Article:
Three Treatises on the Divine Images and over one million other books are available for Amazon Kindle. Learn more
Buy New
$14.08
Qty:1
  • List Price: $17.00
  • Save: $2.92 (17%)
FREE Shipping on orders over $35.
In Stock.
Ships from and sold by Amazon.com.
Gift-wrap available.
Three Treatises on the Di... has been added to your Cart
Have one to sell? Sell on Amazon
Flip to back Flip to front
Listen Playing... Paused   You're listening to a sample of the Audible audio edition.
Learn more
See this image

Three Treatises on the Divine Images (St. Vladimir's Seminary Press Popular Patristics Series) Paperback – October 1, 2003


See all 2 formats and editions Hide other formats and editions
Amazon Price New from Used from
Kindle
"Please retry"
Paperback
"Please retry"
$14.08
$12.22 $2.72
$14.08 FREE Shipping on orders over $35. In Stock. Ships from and sold by Amazon.com. Gift-wrap available.


Frequently Bought Together

Three Treatises on the Divine Images (St. Vladimir's Seminary Press Popular Patristics Series) + Athanasius : The Life of Antony and the Letter To Marcellinus + RB 1980: The Rule of St. Benedict in English
Price for all three: $28.33

Buy the selected items together

Customers Who Bought This Item Also Bought

NO_CONTENT_IN_FEATURE

$25 Amazon.com Gift Card
Receive a $25 Amazon.com Gift Card for Fine Art Purchases of $100 or more. Restrictions apply, see offer for details.

Product Details

  • Series: St. Vladimir's Seminary Press Popular Patristics Series
  • Paperback: 163 pages
  • Publisher: St Vladimirs Seminary Pr; 1 edition (October 2003)
  • Language: English
  • ISBN-10: 0881412457
  • ISBN-13: 978-0881412451
  • Product Dimensions: 7.5 x 4.8 x 0.5 inches
  • Shipping Weight: 5.6 ounces (View shipping rates and policies)
  • Average Customer Review: 4.8 out of 5 stars  See all reviews (5 customer reviews)
  • Amazon Best Sellers Rank: #163,348 in Books (See Top 100 in Books)

Editorial Reviews

Language Notes

Text: English (translation)
Original Language: Greek

More About the Authors

Discover books, learn about writers, read author blogs, and more.

Customer Reviews

4.8 out of 5 stars
5 star
4
4 star
1
3 star
0
2 star
0
1 star
0
See all 5 customer reviews
Share your thoughts with other customers

Most Helpful Customer Reviews

25 of 25 people found the following review helpful By Canicus on August 3, 2004
Format: Paperback
When Christians began destroying all sorts of religious images in the 8th century, St. John of Damascus put pen to paper to defend their practice, and anyone who wishes to say that Christians who use images in worship are idolators must first deal with this book.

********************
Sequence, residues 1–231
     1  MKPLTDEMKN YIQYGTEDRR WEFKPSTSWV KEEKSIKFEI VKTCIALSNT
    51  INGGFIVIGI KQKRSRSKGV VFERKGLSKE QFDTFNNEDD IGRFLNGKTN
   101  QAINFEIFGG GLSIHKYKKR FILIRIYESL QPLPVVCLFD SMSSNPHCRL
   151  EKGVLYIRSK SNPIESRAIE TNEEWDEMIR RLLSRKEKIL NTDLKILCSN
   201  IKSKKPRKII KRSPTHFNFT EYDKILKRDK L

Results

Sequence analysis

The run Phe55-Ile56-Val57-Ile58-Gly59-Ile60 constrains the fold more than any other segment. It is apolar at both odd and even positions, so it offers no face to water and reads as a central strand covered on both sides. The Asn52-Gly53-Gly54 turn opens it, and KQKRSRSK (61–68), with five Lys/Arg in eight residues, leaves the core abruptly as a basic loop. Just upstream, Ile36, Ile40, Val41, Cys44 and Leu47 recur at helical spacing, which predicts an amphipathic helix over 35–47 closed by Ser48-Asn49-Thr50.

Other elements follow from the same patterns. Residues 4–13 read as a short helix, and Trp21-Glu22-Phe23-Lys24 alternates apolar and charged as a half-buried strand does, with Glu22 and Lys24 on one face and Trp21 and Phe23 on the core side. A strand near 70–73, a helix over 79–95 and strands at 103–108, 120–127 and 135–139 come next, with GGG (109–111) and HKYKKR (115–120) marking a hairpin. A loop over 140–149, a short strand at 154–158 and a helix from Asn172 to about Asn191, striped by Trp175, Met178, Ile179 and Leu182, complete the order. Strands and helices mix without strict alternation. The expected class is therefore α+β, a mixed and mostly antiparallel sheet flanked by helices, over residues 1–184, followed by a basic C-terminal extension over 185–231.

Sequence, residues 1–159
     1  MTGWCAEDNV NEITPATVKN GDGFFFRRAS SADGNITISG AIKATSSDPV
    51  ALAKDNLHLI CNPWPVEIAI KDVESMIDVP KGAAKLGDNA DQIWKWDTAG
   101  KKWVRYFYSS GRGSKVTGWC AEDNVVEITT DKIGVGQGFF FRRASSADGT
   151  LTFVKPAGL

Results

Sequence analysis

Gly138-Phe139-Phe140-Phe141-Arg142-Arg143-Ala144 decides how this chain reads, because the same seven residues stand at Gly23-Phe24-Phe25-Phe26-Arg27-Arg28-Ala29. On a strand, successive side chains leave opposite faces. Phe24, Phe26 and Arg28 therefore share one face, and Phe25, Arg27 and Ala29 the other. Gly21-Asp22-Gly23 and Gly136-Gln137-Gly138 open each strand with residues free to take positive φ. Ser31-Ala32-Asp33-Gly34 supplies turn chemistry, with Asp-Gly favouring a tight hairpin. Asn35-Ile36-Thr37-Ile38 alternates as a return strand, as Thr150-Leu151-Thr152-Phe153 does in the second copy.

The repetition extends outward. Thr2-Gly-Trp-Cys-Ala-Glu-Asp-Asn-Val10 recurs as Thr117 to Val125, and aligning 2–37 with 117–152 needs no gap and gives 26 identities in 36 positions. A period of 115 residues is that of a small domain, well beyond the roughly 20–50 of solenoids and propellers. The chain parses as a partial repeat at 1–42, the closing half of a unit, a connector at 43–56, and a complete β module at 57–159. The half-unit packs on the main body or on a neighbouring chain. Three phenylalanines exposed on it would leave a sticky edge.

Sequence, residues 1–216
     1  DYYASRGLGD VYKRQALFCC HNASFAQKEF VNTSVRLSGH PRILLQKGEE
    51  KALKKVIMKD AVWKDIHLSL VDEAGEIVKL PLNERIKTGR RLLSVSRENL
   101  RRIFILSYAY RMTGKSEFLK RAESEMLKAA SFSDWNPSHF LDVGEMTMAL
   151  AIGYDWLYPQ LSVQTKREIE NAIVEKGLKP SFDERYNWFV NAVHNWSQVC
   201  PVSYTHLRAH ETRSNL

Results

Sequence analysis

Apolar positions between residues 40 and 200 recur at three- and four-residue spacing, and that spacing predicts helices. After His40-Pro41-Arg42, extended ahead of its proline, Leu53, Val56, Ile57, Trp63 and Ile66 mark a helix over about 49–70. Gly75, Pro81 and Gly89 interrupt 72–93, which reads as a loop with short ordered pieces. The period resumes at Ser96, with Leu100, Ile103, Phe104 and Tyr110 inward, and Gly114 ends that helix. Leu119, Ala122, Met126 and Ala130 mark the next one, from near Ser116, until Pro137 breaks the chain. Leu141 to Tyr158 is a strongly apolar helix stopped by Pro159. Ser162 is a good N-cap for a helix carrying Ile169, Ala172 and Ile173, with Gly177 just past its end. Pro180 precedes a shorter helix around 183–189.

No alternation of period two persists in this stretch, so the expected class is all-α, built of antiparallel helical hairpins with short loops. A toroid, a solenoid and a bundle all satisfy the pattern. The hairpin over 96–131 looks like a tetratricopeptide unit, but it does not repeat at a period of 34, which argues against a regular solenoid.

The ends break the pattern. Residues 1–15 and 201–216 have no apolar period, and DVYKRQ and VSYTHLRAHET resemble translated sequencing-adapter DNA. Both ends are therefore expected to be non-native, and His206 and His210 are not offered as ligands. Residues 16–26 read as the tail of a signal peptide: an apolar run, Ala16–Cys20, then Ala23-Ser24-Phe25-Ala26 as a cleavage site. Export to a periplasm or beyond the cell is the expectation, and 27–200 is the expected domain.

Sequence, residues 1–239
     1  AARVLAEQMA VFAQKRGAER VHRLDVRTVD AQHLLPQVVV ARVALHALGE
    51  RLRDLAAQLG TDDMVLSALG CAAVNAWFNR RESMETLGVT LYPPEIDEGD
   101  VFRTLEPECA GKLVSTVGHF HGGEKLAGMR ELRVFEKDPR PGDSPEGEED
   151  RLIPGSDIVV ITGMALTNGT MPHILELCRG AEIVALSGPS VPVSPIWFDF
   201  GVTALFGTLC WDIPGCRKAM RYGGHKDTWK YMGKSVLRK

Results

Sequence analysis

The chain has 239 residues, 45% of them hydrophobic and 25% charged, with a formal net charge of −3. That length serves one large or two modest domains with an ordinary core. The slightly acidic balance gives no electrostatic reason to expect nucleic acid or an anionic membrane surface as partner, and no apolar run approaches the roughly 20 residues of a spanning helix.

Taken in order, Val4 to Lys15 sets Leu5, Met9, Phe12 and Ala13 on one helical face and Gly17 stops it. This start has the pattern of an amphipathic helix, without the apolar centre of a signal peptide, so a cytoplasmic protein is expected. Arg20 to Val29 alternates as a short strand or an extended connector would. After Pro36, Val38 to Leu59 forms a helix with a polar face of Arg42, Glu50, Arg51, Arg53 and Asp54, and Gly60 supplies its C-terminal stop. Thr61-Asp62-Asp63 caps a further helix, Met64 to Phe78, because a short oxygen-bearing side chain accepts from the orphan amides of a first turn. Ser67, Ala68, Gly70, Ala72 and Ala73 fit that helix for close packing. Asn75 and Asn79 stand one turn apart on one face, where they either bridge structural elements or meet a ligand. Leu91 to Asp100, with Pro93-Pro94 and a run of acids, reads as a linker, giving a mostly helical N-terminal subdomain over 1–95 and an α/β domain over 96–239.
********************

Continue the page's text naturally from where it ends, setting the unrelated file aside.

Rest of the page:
He makes three basic arguments. First, he points out they did not worship images, but revere them as a window or pointer towards a heavenly reality, much like how most Christians would treat the printed Word (the book itself is not sacred, the messages contained in it are).

Secondly, the use of images is not only not forbidden in the Old Testament, but is actually commanded (the Ark, for instance, or the bronze serpent). Thus, only "idols" are forbidden, not images (actually, it is the word "eidol" in the Septuagint that St. John would have used).

Third, when God became man, He effectively gave us an image, Himself. To deny that images have a valid place in worship is to deny the Incarnation of Christ, and the Trinity is the very heart of Christianity.

St. John the Damascene makes these arguments bluntly and succinctly. He believed that he was holding up the traditional view of Christianity, and he did this in Syria, then controlled by Islam which forbids the use of images. His defence made him unwelcome in the Empire and it placed him at odds with a core teaching of his rulers. Given that he thus risked his life to write these, Christians should give him a firm hearing.
1 Comment Was this review helpful to you? Yes No Sending feedback...
Thank you for your feedback. If this review is inappropriate, please let us know.
Sorry, we failed to record your vote. Please try again
4 of 4 people found the following review helpful By Stratiotes Doxha Theon VINE VOICE on January 4, 2008
Format: Paperback